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Delhi High Court Ordered Quashing of FIR Against a Man for Possessing Live Cartridges

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The Delhi High court ordered the quashing of the First information report that was registered under the Arms act considering that the suspect was not conscious that he is in possession of live ammunition.

This FIR was filed by the Delhi Police against Adhiraj Singh Yadav for his possession of live ammunition in his hand baggage while boarding a flight from Delhi to Ahmedabad in 2019.

Why was the FIR quashed?

The additional standing Counsel gave a status report and submitted that there was no material to deny the explanation of the petitioner therefore giving a clean chit to the petitioner. Based on this the Delhi High Court decided to quash the FIR.

The Bench of Vibhu Bakhru stated that, “Court considers it apposite to allow the petition as this court is of the view that the same would meet the ends of justice. Accordingly, FIR No. 01355/2019 under Section 25 of the Arms Act, 1959 registered with Indira Gandhi International (IGI) Airport police station and all proceedings emanating therefrom are quashed.”

The plea stated that the FIR was registered on April 6th, 2019 after 20 live Cartridges were found in the hand baggage of the petitioner Adhiraj Singh Yadav, while he was boarding the Vistara Airlines flight to travel from Delhi to Ahmedabad.

What was the petition?

The petition said that Yadav had appeared for the Air Force Common Admission Test and he was an engineering student. He was scheduled to travel to Ahmedabad to give his interview. He observed that he did not have suitable luggage to travel to Ahmedabad. Thus, the petitioner decided to borrow the luggage of the wife of his landlord Colonel Prashant Gupta. It was submitted that his family and that of Prashant Gupta were very close and were in cordial relation.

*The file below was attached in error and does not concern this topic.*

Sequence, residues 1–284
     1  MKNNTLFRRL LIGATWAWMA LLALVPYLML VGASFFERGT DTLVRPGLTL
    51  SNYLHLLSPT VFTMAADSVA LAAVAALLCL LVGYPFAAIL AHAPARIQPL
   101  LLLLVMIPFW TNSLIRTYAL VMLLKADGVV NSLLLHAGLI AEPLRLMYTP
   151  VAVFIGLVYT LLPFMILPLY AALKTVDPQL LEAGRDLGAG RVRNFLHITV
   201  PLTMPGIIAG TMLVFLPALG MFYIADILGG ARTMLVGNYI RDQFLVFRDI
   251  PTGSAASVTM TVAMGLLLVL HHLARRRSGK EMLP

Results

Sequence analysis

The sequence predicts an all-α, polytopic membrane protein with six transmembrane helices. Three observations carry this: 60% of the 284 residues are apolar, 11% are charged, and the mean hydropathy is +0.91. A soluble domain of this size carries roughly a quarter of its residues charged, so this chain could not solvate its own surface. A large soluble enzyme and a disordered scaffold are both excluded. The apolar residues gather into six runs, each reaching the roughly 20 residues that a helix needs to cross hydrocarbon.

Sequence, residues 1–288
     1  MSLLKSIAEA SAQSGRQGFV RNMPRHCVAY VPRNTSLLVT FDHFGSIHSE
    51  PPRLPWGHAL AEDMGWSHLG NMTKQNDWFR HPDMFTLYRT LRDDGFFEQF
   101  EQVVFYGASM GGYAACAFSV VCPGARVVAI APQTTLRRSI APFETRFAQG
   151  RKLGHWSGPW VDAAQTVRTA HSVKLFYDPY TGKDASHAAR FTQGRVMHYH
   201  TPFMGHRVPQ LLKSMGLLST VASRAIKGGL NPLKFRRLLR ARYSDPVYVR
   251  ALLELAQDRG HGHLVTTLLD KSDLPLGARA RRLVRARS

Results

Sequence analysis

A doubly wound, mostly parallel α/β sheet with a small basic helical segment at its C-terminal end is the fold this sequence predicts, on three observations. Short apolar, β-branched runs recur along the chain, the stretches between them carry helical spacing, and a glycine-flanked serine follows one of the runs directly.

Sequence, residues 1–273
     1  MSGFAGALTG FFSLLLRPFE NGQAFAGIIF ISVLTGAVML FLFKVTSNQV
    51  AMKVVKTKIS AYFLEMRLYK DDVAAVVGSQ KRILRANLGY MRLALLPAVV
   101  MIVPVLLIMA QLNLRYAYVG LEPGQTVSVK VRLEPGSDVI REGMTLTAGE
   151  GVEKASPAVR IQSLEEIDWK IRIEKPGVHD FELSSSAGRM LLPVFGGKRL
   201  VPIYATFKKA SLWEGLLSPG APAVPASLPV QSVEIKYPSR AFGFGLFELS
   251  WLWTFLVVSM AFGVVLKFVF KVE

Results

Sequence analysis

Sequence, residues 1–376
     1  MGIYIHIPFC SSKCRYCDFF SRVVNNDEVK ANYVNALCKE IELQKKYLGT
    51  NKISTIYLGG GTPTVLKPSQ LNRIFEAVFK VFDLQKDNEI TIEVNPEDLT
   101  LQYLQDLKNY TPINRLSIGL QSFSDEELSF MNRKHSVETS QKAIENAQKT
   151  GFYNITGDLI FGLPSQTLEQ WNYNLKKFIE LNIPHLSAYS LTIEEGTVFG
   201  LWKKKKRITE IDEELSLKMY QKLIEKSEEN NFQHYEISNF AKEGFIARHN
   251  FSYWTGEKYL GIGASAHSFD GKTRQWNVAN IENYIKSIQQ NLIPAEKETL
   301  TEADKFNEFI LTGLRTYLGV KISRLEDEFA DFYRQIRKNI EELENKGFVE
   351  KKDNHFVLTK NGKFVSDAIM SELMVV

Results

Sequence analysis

The landlord was not aware of this action of the petitioner thus he did not remove the live ammunition before handing it over to him. It was observed that Colonel Prashant Gupta was the owner of the said live ammunition and held a valid arms license for the same.

The passing of the order

The court noted that the status report had been verified. The seized ammunition was also sent to the Forensic Science laboratory for ballistic examination in the due course of the investigation. This also helped confirm the facts.

It court stated that an offence under Section 25 of the Arms Act would not be made in cases where the suspect was not conscious that he is in possession of the live ammunition. is now on Telegram. Follow us for regular legal updates and judgement from the court. Follow us on Google News, InstagramLinkedInFacebook & Twitter. You can also contribute blog, articles, story tip, judgment and many more and help us spread awareness for a better society. Submit Your Post Now.

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